Yes, I’ve been pretty lazy about posting the past week. I need to slip in some posts I should have made over the past week, but I’m still working on (procrastinating?). So I’ll be sneaky and backdate them.
In the mean time there’s plenty of cool stuff on the web:
A film adaptation of Mark Twain’s “The War Prayer.”
500 Years of Female Portraits in Western Art:
Komaiku: haiku about comics by T Campbell.
A psychedelic animated tribute to America’s Bicentennial from 1975 (warning: may cause seizures):
Shock and Gore, an article by JG Ballard about the films of Salvador Dali from The Guardian.
Today is the 40th anniversary of the day the Beatles released their 8th studio LP Sgt. Pepper’s Lonely Hearts Club Band. The album did nothing more than revolutionize popular music and kick start 1967’s Summer of Love. It proved that the Beatles were more than just a boy band relying on good looks and charm and even more than just a great rock and roll act, but true innovators. A loose concept album, the Beatles were able to push the envelope by taking on the persona of another band and leaving the Beatles behind.
I, of course, was no more than a gleam in my father’s eye when the album was released. The 20th anniversary of the album in 1987 was my first introduction when media hyped the whole “It was twenty years ago today…” angle. I knew and liked the Beatles but never realized their full impact in creating an album. The first time I heard Sgt. Pepper was not the optimum situation. My mother was a member of a group for singles and divorce people and they had a Labor Day outing at a campground where all the members brought their children. I shared a platform tent with several other boys, one of whom spent the entire weekend in the tent listening to Sgt. Pepper and singing along in a loud, nasal voice. To this day I still think of him when I hear the songs I’d never heard before like “Fixing a Hole” and “Getting Better.”
Oddly, despite topping the all time lists of best albums and being remembered for its innovation, I have to say that Sgt. Pepper is not my favorite Beatles album (Rubber Soul, Revolver, The Beatles and Let it Be all vie for that title). While many Beatles’ songs have a timeless quality to them, there’s something about Sgt. Pepper that screams “SIXTIES PSYCHEDELIA!” There are still some masterpieces though: the title track leading into “With A Little Help From My Friends,” John’s dreamy and childlike “Lucy in the Sky with Diamonds” and the orchestral work of “A Day in the Life.” Some great experimenting with world music on “Within You, Without You” and just all sorts of instrumentation and lyricism on “Being for the Benefit of Mr. Kite.” I can live without the shrieky “Good Morning, Good Morning” and “When I’m Sixty-Four” is far too overplayed.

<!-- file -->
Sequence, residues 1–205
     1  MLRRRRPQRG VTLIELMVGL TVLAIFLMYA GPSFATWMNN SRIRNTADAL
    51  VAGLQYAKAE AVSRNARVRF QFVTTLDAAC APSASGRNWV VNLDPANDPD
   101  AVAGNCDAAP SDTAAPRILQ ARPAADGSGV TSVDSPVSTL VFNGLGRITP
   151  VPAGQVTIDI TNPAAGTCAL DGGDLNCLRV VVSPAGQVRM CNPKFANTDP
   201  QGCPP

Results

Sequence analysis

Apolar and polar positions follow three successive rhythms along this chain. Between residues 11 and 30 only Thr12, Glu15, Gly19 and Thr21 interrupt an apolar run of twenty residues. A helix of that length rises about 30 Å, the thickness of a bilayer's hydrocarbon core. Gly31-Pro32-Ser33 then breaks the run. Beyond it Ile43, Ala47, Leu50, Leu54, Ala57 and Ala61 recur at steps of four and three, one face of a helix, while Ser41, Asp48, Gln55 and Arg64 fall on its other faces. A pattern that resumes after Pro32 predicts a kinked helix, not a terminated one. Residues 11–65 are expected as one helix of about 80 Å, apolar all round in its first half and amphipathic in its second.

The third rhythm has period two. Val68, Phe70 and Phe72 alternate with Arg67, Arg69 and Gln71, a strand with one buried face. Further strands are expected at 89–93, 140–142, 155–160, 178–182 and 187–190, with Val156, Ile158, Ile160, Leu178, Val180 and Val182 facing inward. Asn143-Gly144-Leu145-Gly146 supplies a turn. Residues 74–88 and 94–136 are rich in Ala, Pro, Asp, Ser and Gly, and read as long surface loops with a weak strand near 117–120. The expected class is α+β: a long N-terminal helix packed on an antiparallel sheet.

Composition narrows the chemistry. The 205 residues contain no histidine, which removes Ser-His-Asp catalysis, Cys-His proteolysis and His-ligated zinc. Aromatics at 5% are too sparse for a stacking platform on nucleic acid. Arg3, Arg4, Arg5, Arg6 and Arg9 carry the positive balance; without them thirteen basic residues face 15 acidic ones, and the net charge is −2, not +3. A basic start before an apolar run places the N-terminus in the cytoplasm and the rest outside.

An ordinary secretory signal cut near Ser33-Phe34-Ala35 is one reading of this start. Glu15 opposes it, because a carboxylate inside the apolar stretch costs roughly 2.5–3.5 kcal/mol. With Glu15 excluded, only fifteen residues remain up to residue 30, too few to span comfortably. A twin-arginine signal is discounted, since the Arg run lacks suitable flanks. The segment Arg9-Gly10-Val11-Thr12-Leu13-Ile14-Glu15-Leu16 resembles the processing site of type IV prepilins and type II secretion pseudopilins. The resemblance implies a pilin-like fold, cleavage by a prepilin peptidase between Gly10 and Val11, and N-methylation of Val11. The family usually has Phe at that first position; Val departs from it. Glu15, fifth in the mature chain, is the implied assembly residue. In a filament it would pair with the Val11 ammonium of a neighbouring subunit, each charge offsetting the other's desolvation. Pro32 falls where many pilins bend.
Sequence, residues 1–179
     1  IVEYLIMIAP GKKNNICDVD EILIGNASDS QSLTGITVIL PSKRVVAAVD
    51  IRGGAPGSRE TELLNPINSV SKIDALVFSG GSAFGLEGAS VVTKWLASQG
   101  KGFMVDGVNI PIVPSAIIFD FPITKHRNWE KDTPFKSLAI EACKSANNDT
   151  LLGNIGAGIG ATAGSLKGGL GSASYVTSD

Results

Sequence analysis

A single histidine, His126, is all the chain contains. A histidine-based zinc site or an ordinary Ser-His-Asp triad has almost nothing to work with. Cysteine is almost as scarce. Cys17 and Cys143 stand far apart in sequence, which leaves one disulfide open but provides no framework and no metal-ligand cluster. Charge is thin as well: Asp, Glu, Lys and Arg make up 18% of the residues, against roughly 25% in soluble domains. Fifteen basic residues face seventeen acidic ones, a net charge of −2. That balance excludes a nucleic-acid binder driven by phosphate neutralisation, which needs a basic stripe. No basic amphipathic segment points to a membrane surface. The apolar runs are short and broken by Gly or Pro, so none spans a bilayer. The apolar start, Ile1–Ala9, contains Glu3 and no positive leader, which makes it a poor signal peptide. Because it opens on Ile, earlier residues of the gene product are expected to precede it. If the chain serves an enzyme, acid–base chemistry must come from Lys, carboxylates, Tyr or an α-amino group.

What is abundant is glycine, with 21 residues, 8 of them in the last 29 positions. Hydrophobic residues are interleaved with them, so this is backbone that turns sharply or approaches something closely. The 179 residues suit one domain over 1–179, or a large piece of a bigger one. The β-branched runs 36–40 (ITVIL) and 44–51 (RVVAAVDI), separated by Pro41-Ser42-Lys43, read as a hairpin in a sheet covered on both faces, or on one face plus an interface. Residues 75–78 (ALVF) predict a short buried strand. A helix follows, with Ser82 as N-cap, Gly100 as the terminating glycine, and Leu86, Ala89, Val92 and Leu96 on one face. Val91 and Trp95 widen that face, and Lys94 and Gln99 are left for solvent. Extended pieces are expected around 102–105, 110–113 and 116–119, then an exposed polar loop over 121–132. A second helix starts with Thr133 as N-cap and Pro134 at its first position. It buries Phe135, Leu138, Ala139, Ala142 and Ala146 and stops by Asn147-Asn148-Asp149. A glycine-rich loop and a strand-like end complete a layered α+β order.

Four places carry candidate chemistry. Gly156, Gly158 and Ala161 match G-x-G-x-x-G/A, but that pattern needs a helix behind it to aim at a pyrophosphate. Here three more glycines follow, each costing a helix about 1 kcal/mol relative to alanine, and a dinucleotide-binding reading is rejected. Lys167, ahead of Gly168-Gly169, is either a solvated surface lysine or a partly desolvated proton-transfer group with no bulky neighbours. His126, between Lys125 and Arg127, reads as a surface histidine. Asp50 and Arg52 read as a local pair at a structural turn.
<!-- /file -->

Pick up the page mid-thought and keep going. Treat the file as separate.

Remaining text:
Happy 40th Anniversary Sgt. Pepper (or I guess it’s actually 60 years since he taught the band to play). We could use another summer of love this year.
Today I’m putting up the links to two funny websites made up entirely of things that people just stumble upon.
The first is Found Magazine, the web version of the print magazine that collects things that people find: “love letters, birthday cards, kids’ homework, to-do lists, ticket stubs, poetry on napkins, doodles- anything that gives a glimpse into someone else’s life. Anything goes.” The home page features the “Find of the Day” and you may set it up as an RSS feed to inject a little bit of humor into your daily routine or you may just click through the archives. Sadly their audio finds section is gone so you won’t be able to listen to Avon Minisure or the Ypsilanti All-Stars.
Next, there’s Overheard in New York consisting entirely of weird and silly things people say in public places. This is the flagship website which has spawned Overheard at the Office, Overheard at the Beach, and Overheard Everywhere (for people outside of New York). Just as a warning to the sensitive the language on these site can be rather impolite, but then again nothing worse than what you hear walking down the street.
On the other hand, if you like salty language, you’ll appreciate How to Swear in Any Language.